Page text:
# cubic equation help

• Oct 15th 2008, 03:26 PM
siegfried
cubic equation help
show that one fo the roots of the equation $\displaystyle x^3-6x^2+9x-1=0$ is $\displaystyle 4\sin^2\frac{\pi}{18}$ and find the other two roots
• Oct 15th 2008, 07:04 PM
ThePerfectHacker
Quote:

Originally Posted by siegfried
show that one fo the roots of the equation $\displaystyle x^3-6x^2+9x-1=0$ is $\displaystyle 4\sin^2\frac{\pi}{18}$ and find the other two roots

Let $\displaystyle x=y+2$.
This gives, $\displaystyle (y+2)^3 - 6(y+2)^2 + 9(y+2) - 1 = 0$.
Which simplifies to $\displaystyle y^3-3y+1=0$.

Let $\displaystyle C = - \frac{\Delta}{108} = - \frac{3}{4}$

If $\displaystyle A = -\frac{1}{2} + \sqrt{C} = e^{2\pi i/3}$ and $\displaystyle B = -\frac{1}{2} - \sqrt{C} = e^{-2\pi i/3}$.
Then this means $\displaystyle u=\sqrt[3]{A} = e^{2\pi i/9}$ and $\displaystyle v=\sqrt[3]{B} = e^{-2\pi i/9}$ would produce solutions:
$\displaystyle u+v,u\zeta + v\zeta^2,u\zeta^2+v\zeta$ (where $\displaystyle \zeta = e^{2\pi i/3})$

Simplification of these formulas leads to the solutions:
$\displaystyle 2\cos \frac{2\pi}{9}, 2\cos \frac{8\pi}{9}, 2\cos \frac{14\pi}{9}$.

And so the three solutions to the original are:
$\displaystyle x_1 = 2 + 2\cos \frac{2\pi}{9} = 4\sin^2 \frac{\pi}{18}$
$\displaystyle x_2 = 2 + 2\cos \frac{8\pi}{9} = 4\sin^2 \frac{4\pi}{18}$
$\displaystyle x_3 = 2 + 2\cos \frac{14\pi}{9}= 4\sin^2 \frac{7\pi}{18}$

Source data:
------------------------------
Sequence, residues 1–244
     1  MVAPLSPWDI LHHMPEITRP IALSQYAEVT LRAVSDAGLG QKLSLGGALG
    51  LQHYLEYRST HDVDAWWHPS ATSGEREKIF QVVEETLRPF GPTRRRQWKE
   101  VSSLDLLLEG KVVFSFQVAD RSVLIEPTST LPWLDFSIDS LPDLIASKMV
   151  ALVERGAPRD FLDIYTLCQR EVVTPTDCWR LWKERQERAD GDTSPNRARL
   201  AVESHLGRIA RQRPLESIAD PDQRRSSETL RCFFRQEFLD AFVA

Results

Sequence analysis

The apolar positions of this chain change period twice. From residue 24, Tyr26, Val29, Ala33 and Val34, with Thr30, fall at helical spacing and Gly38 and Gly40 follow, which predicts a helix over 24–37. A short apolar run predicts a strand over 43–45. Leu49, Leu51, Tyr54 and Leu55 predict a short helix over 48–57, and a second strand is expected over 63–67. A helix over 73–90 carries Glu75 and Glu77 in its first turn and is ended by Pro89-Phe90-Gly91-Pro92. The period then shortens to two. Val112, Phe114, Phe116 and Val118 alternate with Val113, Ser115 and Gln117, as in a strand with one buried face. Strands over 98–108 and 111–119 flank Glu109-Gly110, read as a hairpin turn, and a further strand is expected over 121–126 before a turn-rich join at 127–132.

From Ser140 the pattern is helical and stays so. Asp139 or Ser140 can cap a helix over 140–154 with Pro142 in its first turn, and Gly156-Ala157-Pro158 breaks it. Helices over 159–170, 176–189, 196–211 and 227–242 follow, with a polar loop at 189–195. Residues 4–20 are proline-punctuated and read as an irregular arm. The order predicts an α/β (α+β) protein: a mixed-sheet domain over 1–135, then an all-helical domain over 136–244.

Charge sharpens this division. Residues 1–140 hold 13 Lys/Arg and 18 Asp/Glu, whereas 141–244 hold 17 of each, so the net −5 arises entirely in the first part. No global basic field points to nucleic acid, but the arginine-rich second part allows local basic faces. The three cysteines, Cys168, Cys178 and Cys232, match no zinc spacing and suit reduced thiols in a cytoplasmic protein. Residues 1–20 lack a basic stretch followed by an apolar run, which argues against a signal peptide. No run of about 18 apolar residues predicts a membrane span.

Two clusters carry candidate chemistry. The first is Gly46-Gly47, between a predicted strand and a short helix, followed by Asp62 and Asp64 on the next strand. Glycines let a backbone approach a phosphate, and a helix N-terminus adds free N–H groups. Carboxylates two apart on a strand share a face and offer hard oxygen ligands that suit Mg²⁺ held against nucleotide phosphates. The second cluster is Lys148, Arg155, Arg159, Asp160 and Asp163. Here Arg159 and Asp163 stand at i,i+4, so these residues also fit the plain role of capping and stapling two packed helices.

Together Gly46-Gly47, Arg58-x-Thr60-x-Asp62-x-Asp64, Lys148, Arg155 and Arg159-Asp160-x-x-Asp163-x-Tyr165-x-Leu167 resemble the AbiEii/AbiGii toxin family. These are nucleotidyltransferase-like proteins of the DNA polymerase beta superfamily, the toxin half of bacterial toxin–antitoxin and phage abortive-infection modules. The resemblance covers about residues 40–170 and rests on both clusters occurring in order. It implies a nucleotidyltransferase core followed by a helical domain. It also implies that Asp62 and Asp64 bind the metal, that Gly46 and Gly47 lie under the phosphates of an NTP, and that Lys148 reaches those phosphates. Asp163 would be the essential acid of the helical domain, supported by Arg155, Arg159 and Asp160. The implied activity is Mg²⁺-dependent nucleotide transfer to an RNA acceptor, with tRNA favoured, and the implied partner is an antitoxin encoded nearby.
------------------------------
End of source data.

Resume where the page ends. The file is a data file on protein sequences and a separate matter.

• Oct 15th 2008, 08:24 PM
siegfried
thank you theperfecthacker

i believe you are using cardanos method but i think there is an easier method than cardanos
• Oct 15th 2008, 08:30 PM
ThePerfectHacker
Quote:

Originally Posted by siegfried
thank you theperfecthacker

i believe you are using cardanos method but i think there is an easier method than cardanos

It is Cardano's method with a lot of work omitted as well as computations.
• Oct 16th 2008, 03:07 AM
Opalg
Use the formulas $\displaystyle \cos(2\theta) = 1 - 2\sin^2\theta$ and $\displaystyle \cos(3\theta) = 4\cos^3\theta - 3\cos\theta$. These show that if $\displaystyle x=4\sin^2\theta$ then $\displaystyle \cos(2\theta) = 1 - \tfrac x2$, and so $\displaystyle \cos(6\theta) = 4\left(1 - \tfrac x2\right)^3 - 3\left(1 - \tfrac x2\right) = 1 - \tfrac92x + 3x^2 - \tfrac12x^3$. But if $\displaystyle \theta = \tfrac\pi{18}$ then $\displaystyle \cos(6\theta)=\tfrac12$. That gives the equation $\displaystyle x^3-6x^2+9x-1=0$. The other two solutions will come from the other angles satisfying $\displaystyle \cos(6\theta)=\tfrac12$, namely $\displaystyle \theta = \tfrac{5\pi}{18}$ and $\displaystyle \theta = \tfrac{7\pi}{18}$. (ThePerfectHacker had $\displaystyle \theta = \tfrac{4\pi}{18}$, but I think $\displaystyle \theta = \tfrac{5\pi}{18}$ must be correct.)
• Oct 16th 2008, 07:25 AM
ThePerfectHacker
Quote:

Originally Posted by Opalg
(ThePerfectHacker had $\displaystyle \theta = \tfrac{4\pi}{18}$, but I think $\displaystyle \theta = \tfrac{5\pi}{18}$ must be correct.)

Yes I made a mistake. But we are going to keep it secret. (Lipssealed)

The mistake was in the simplification. The solutions that I got to the depressed cubic are correct I just made mistakes in the identities.
Here is the corrected version:

1)$\displaystyle 2 + 2\cos \frac{2\pi}{9} = 2 - 2\cos \frac{7\pi}{9} = 4\sin^2 \frac{7\pi}{18}$

2)$\displaystyle 2 + 2\cos \frac{8\pi}{9} = 2 - 2\cos \frac{\pi}{9} = 4\sin^2 \frac{\pi}{18}$

3)$\displaystyle 2 + 2\cos \frac{14\pi}{9} = 2 - 2\cos \frac{5\pi}{9} = 4\sin^2 \frac{5\pi}{18}$